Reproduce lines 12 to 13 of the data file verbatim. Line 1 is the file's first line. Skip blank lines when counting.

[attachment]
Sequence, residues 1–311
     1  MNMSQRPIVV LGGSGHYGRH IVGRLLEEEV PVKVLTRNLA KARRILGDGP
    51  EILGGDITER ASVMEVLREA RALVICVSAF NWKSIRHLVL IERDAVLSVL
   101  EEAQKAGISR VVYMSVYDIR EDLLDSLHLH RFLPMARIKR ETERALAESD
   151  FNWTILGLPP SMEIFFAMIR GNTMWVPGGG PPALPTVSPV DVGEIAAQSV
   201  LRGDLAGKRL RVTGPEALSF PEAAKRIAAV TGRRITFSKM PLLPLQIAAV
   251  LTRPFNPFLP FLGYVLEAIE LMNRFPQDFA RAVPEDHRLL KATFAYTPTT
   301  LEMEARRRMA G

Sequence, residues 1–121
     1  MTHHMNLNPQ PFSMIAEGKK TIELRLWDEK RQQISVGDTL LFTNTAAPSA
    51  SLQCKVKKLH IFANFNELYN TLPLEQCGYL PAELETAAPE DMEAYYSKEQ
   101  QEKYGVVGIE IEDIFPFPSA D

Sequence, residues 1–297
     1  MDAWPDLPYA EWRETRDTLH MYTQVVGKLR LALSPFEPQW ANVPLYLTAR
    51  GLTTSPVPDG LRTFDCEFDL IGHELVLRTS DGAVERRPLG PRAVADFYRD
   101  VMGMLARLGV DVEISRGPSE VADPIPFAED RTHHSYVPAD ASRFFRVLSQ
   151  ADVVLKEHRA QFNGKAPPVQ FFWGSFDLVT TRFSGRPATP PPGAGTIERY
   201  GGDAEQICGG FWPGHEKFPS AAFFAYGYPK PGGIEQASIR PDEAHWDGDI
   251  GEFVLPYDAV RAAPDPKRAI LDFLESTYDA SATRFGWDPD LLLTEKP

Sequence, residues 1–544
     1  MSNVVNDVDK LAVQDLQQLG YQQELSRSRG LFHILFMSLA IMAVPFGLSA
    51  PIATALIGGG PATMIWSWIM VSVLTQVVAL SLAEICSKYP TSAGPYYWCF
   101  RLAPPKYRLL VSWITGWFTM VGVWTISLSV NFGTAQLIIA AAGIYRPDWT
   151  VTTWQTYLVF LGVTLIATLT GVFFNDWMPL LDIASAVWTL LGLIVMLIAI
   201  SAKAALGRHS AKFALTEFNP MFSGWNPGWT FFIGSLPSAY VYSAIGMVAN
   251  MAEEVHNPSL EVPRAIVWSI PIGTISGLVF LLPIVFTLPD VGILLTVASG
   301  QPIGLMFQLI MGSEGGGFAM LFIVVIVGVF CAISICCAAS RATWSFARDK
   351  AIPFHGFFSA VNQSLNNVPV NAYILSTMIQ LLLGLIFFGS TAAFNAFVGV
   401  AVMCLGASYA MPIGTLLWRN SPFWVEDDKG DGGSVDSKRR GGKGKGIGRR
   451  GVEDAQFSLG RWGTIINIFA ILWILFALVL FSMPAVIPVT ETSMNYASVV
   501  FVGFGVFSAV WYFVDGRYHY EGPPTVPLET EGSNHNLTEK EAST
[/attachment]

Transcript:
   101  QEKYGVVGIE IEDIFPFPSA D

Sequence, residues 1–297